By Kevin Kakascik, AutomationDirect
So you have a big home project planned for this weekend, like building a deck. Earlier in the week, you stopped at the hardware store and picked up all the lumber and some necessary tools not already in your kit. Now it’s Saturday and you wake up early to get a jump on things before it gets too hot outside. The weather is perfect as you set out all the materials — only to spot you are missing deck screws. Sound familiar?
You hurriedly drive to the hardware store, buy the deck screws, then return home and resume working. Another hour into your project, after cutting the lumber, you begin framing, only to realize you are missing joist hangers, requiring another frustrating round trip to the hardware store. How could you forget these small yet crucial items for your project? It’s simple — because they are small, they often times take a lower priority to the larger items.
This syndrome of overlooking details is also quite common for industrial pneumatics projects. Designers plan the system, determine pressure and flow requirements, select control components, and focus on larger items like cylinders, Figure 1. Yet often times, some smaller but crucial components are missed. While these parts may be available at a local distributor, many pneumatics components aren’t for sale at the hardware store down the street.
Having all the parts on hand can make the difference between getting a project up and running quickly or delaying the work and incurring additional costs. Let’s examine several pneumatic components that are oftentimes overlooked when creating a pneumatic system bill of materials (BOM).
Flexible and durable tubing connects devices together by transporting compressed gas, usually air (but sometimes nitrogen), Figure 2. Most pneumatic systems use some amount of flexible tubing unless they are entirely hard-piped.
Some designs may use just one size and color of tubing, making it easy to stock the right material. But many installations need multiple tubing sizes, and oftentimes it is helpful to use various colors to identify functionality. Special tubing for extreme temperatures or added flexibility may be needed. For these and other cases, getting the right materials on hand is more complicated.
Usually, the tubing is remembered with the initial material order because designers plan for what is needed. However, an installation often runs short because the necessary lengths were not calculated properly to account for twists, turns, and tough-to-reach locations.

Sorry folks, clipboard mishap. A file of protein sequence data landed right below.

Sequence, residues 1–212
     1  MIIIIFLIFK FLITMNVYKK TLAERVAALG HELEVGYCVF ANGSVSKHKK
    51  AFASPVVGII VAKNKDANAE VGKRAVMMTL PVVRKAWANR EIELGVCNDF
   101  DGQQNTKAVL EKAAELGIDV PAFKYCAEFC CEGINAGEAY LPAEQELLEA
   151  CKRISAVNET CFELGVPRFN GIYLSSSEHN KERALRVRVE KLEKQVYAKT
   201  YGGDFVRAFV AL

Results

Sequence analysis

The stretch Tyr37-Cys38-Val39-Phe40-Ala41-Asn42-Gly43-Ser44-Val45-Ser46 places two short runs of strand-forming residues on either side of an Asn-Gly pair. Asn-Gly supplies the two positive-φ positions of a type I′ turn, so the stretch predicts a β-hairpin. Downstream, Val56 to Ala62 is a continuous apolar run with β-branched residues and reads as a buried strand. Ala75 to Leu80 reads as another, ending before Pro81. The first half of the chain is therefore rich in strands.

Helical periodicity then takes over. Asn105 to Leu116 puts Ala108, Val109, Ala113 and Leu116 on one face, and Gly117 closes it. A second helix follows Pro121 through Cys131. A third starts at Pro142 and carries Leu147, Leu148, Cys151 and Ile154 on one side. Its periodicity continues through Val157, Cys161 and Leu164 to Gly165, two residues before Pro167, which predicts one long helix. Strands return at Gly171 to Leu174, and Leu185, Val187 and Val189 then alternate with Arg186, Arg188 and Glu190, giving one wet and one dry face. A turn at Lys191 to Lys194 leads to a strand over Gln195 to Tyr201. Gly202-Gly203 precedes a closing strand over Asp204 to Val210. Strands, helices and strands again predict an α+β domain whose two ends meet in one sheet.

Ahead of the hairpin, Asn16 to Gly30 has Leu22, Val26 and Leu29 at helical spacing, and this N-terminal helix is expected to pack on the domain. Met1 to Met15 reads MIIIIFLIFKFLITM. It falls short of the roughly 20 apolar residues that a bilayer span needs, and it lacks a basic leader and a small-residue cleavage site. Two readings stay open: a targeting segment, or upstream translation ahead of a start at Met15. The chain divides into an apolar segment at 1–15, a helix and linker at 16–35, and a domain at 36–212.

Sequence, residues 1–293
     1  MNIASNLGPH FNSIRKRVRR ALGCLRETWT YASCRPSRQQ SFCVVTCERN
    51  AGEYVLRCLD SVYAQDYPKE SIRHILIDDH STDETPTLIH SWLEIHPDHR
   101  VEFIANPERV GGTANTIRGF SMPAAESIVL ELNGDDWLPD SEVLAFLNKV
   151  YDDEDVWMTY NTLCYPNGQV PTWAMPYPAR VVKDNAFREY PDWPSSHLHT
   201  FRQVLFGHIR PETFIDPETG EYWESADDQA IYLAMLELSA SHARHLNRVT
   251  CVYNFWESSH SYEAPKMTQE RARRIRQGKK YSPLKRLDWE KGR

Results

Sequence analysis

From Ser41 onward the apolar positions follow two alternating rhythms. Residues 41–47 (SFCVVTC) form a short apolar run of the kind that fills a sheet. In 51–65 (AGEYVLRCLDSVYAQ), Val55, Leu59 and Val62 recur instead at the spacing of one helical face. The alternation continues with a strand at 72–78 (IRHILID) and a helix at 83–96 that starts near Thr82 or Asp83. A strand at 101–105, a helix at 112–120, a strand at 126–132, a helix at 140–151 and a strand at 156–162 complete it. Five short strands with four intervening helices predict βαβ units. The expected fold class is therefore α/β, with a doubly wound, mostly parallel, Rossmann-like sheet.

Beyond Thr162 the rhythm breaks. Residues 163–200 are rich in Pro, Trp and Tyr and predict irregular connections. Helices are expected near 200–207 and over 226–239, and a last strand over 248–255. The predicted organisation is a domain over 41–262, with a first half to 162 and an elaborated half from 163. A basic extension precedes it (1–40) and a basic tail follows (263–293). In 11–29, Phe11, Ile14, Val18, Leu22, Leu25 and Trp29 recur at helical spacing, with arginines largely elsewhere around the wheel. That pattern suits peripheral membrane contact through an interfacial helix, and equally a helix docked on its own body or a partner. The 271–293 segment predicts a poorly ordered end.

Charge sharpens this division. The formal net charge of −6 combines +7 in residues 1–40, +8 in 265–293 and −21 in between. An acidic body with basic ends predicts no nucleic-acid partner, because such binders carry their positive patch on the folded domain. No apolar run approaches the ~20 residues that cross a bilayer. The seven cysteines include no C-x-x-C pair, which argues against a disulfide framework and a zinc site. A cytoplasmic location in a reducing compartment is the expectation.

When an installation runs short on tubing, a local supplier may have enough of the right size and color in stock to match the already completed work — but this is a gamble compared to ordering enough upfront. When it comes to tubing, it pays to standardize as much as possible, over-order to some extent, and work with a supplier offering a comprehensive product selection.
Fittings are used to connect tubing to devices or other sections of tubing, and they are typically threaded on one end and have push-to-connect or barb connections on the other, Figure 3. Because the fittings must accommodate various tubing and device sizes, many styles may be needed.
Careful planning is required to ensure the correct sizes are ordered. Outside diameter of the tubing determines push to connect size, while inside diameter determines the type barb style fitting. Threaded size is very important because there are different types:
• National pipe thread (NPT), tapered
• British standard pipe thread (BSPT), tapered R-thread
• British standard parallel pipe (BSPP), straight G-thread
• Metric versus United States (or British) sizes
Beyond the size, each fitting must be selected with the right materials of construction based on the environment and operating pressure. Stainless or thermoplastic are options for push to connect fittings. Barb style fittings are usually brass.
A missing or incorrectly sized or specified fitting can add days to a project schedule.
Pneumatic manifolds save space by distributing compressed gas to multiple devices — analogous to how power distribution blocks can provide an electrical supply to multiple loads. Manifolds make the most sense when there are many connections of a similar size needed in a location, all with compatible pressure and flow requirements.
While manifolds are not required and may not even be recommended for very small systems, they are low cost and provide a compact installation. Manifolds make for a neater and cleaner installation, and help avoid a spaghetti-like installation mess, which is hard to troubleshoot and maintain.